Tags

Type your tag names separated by a space and hit enter

Novel method for stepwise reduction of traumatic thoracic spondyloptosis.
Surg Neurol Int 2019; 10:23SN

Abstract

Background

Spondyloptosis involving complete subluxation of spinal vertebrae resulting in permanent spinal cord damage is rarely caused by high-force trauma. Rapid re-stabilization of the spine is crucial for maximizing chances of neural recovery and can significantly improve the patient's quality of life. In this case study, we describe the challenges associated with the surgical management of traumatic thoracic spondyloptosis, and propose a novel, safe, step-wise, spinal reduction method employing an inflatable beanbag.

Case Description

A 17-year-old male fell 25 feet from a tree, resulting in anterior spondyloptosis at the T11/12 level. He presented with para plegia and a T11 sensory level to pin below the umbilicus. Surgical management involved a posterior-anterior-posterior approach with initial posterior decompression, then T12 corpectomy and reconstruction and finally pedicle screw fixation. We utilized an inflatable beanbag to realign the spinal column in a stepwise fashion, thereby minimizing the risk of damage to the surrounding structures, including the thecal sac and great vessels. Postoperatively, the patient regained some sensory function below his injury level of T11 but remained plegic. X-ray imaging confirmed successful spinal fusion.

Conclusion

Early spinal realignment and stabilization following spondyloptosis at the T11/T12 level resulted in some improvement in sensory function without resolution of motor plegia. Here, we described how to utilize a novel beanbag reduction method to safely achieve stepwise spinal realignment.

Authors+Show Affiliations

Department of Neurosurgery, Rutgers Robert Wood Johnson Medical School, 1 Robert Wood Johnson Pl, New Brunswick, New Jersey, USA.Department of Neurosurgery, Rutgers Robert Wood Johnson Medical School, 1 Robert Wood Johnson Pl, New Brunswick, New Jersey, USA.Department of Neurosurgery, Rutgers Robert Wood Johnson Medical School, 1 Robert Wood Johnson Pl, New Brunswick, New Jersey, USA.

Pub Type(s)

Case Reports

Language

eng

PubMed ID

31123630

Citation

Paulo, Danika, et al. "Novel Method for Stepwise Reduction of Traumatic Thoracic Spondyloptosis." Surgical Neurology International, vol. 10, 2019, p. 23.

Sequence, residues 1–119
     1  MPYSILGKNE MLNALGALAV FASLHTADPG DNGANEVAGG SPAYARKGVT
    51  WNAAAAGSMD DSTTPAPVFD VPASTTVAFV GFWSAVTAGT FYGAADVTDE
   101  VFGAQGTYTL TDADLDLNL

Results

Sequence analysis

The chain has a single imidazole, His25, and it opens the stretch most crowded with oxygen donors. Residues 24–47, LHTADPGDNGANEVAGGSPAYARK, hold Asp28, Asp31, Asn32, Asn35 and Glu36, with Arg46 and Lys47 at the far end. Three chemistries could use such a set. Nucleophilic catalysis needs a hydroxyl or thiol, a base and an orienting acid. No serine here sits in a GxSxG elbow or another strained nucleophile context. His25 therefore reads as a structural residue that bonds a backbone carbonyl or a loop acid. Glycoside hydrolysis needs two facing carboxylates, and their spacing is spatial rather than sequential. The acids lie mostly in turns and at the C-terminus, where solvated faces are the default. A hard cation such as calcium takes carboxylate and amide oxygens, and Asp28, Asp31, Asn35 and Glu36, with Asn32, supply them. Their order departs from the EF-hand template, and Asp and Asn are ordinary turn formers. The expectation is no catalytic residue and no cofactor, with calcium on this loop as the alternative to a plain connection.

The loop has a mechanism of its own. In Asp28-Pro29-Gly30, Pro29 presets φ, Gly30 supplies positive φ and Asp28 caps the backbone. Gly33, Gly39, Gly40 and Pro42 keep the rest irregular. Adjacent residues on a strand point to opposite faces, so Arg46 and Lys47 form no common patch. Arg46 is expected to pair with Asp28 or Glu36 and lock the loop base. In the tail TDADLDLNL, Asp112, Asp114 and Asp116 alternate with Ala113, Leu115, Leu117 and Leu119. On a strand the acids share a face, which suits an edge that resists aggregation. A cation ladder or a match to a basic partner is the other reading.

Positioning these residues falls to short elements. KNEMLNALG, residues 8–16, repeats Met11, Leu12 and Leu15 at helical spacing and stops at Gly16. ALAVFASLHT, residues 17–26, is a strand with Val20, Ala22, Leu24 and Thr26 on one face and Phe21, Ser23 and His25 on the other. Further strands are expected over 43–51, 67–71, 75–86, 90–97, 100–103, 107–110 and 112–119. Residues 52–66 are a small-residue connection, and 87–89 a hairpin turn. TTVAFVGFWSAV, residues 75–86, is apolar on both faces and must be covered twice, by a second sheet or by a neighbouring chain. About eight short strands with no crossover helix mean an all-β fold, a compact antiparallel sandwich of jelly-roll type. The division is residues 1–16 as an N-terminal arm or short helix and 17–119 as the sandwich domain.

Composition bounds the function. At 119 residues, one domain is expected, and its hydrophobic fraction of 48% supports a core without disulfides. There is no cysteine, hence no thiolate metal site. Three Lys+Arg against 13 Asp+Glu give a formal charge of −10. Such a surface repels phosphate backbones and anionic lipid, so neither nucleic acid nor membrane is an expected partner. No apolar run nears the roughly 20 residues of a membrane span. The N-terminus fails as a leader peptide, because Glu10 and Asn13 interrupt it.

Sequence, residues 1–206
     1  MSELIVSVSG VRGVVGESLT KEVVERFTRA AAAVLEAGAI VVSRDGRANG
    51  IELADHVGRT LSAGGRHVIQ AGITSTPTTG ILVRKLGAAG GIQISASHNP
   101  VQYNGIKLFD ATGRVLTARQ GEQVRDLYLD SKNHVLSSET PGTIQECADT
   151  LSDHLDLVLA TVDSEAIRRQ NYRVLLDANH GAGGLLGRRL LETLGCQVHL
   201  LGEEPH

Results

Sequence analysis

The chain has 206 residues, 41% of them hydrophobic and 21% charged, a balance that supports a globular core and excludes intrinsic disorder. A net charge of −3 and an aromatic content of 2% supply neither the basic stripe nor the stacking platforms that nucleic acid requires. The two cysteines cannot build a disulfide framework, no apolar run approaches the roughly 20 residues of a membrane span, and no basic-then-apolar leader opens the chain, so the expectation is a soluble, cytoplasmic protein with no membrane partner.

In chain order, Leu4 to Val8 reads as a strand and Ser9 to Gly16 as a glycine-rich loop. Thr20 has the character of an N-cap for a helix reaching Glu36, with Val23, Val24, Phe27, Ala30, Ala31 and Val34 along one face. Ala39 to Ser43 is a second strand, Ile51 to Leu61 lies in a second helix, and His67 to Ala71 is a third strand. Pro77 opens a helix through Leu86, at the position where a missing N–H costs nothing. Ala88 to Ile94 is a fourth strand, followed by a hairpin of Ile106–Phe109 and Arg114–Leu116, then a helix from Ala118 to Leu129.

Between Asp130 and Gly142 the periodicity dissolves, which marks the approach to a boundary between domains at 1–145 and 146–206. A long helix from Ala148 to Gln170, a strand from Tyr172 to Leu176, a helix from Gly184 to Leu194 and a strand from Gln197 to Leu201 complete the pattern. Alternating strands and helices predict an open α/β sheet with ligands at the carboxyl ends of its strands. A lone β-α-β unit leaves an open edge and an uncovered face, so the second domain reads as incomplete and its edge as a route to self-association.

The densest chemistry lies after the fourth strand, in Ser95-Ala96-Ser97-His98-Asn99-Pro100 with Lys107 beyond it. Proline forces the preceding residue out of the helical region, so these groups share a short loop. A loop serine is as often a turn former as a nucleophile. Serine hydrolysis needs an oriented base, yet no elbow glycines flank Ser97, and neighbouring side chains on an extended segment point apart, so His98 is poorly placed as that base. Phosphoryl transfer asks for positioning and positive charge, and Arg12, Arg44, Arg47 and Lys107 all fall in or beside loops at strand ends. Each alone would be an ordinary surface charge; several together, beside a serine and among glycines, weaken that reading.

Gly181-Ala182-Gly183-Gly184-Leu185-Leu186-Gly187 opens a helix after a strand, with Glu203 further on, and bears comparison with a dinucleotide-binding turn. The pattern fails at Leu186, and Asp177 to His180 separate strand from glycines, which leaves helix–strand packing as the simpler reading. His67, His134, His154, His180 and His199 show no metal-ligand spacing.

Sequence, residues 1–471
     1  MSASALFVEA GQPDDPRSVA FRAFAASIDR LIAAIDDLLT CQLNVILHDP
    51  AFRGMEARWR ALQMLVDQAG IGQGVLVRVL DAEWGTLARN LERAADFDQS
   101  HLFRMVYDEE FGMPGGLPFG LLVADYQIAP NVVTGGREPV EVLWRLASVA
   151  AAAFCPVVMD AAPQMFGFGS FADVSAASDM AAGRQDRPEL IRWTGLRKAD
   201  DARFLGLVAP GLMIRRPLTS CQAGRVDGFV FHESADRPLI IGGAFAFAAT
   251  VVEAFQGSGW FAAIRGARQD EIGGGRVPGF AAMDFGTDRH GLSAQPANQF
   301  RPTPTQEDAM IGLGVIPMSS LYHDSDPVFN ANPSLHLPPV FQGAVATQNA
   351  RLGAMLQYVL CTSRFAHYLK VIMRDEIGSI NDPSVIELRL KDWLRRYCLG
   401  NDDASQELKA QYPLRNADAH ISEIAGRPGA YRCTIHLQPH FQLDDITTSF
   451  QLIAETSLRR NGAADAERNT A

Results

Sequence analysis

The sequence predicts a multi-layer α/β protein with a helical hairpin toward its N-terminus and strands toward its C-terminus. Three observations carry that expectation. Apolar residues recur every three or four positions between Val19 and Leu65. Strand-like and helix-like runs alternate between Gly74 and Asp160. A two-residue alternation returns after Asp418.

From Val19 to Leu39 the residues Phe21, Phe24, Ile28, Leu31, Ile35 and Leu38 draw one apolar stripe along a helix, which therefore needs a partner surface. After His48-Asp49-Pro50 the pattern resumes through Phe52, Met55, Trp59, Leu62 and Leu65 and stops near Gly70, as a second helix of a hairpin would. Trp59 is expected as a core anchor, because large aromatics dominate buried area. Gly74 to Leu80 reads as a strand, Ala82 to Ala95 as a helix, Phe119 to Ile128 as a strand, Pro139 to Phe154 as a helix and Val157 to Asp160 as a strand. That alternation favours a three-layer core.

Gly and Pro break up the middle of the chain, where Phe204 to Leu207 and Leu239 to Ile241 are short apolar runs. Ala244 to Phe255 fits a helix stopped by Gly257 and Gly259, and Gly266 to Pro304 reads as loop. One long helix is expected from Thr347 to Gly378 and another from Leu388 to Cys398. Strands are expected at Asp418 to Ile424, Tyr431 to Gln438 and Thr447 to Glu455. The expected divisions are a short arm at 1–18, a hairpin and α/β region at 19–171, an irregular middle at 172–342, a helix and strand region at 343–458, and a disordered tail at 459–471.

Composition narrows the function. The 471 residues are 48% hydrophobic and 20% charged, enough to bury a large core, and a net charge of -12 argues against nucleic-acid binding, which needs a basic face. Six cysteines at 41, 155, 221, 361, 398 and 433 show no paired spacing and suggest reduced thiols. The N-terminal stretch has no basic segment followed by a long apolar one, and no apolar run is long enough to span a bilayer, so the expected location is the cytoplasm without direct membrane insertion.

Paulo D, Semonche A, Tyagi R. Novel method for stepwise reduction of traumatic thoracic spondyloptosis. Surg Neurol Int. 2019;10:23.
Paulo, D., Semonche, A., & Tyagi, R. (2019). Novel method for stepwise reduction of traumatic thoracic spondyloptosis. Surgical Neurology International, 10, p. 23. doi:10.4103/sni.sni_353_17.
Paulo D, Semonche A, Tyagi R. Novel Method for Stepwise Reduction of Traumatic Thoracic Spondyloptosis. Surg Neurol Int. 2019;10:23. PubMed PMID: 31123630.
* Article titles in AMA citation format should be in sentence-case
TY - JOUR T1 - Novel method for stepwise reduction of traumatic thoracic spondyloptosis. AU - Paulo,Danika, AU - Semonche,Alexa, AU - Tyagi,Rachana, Y1 - 2019/02/27/ PY - 2017/09/19/received PY - 2017/10/27/accepted PY - 2019/5/25/entrez PY - 2019/5/28/pubmed PY - 2019/5/28/medline KW - Fracture dislocation KW - pediatric KW - spine KW - spondyloptosis KW - subluxation KW - trauma SP - 23 EP - 23 JF - Surgical neurology international JO - Surg Neurol Int VL - 10 N2 - Background: Spondyloptosis involving complete subluxation of spinal vertebrae resulting in permanent spinal cord damage is rarely caused by high-force trauma. Rapid re-stabilization of the spine is crucial for maximizing chances of neural recovery and can significantly improve the patient's quality of life. In this case study, we describe the challenges associated with the surgical management of traumatic thoracic spondyloptosis, and propose a novel, safe, step-wise, spinal reduction method employing an inflatable beanbag. Case Description: A 17-year-old male fell 25 feet from a tree, resulting in anterior spondyloptosis at the T11/12 level. He presented with para plegia and a T11 sensory level to pin below the umbilicus. Surgical management involved a posterior-anterior-posterior approach with initial posterior decompression, then T12 corpectomy and reconstruction and finally pedicle screw fixation. We utilized an inflatable beanbag to realign the spinal column in a stepwise fashion, thereby minimizing the risk of damage to the surrounding structures, including the thecal sac and great vessels. Postoperatively, the patient regained some sensory function below his injury level of T11 but remained plegic. X-ray imaging confirmed successful spinal fusion. Conclusion: Early spinal realignment and stabilization following spondyloptosis at the T11/T12 level resulted in some improvement in sensory function without resolution of motor plegia. Here, we described how to utilize a novel beanbag reduction method to safely achieve stepwise spinal realignment. SN - 2229-5097 UR - https://www.unboundmedicine.com/medline/citation/31123630/Novel_method_for_stepwise_reduction_of_traumatic_thoracic_spondyloptosis L2 - https://www.ncbi.nlm.nih.gov/pmc/articles/pmid/31123630/ DB - PRIME DP - Unbound Medicine ER -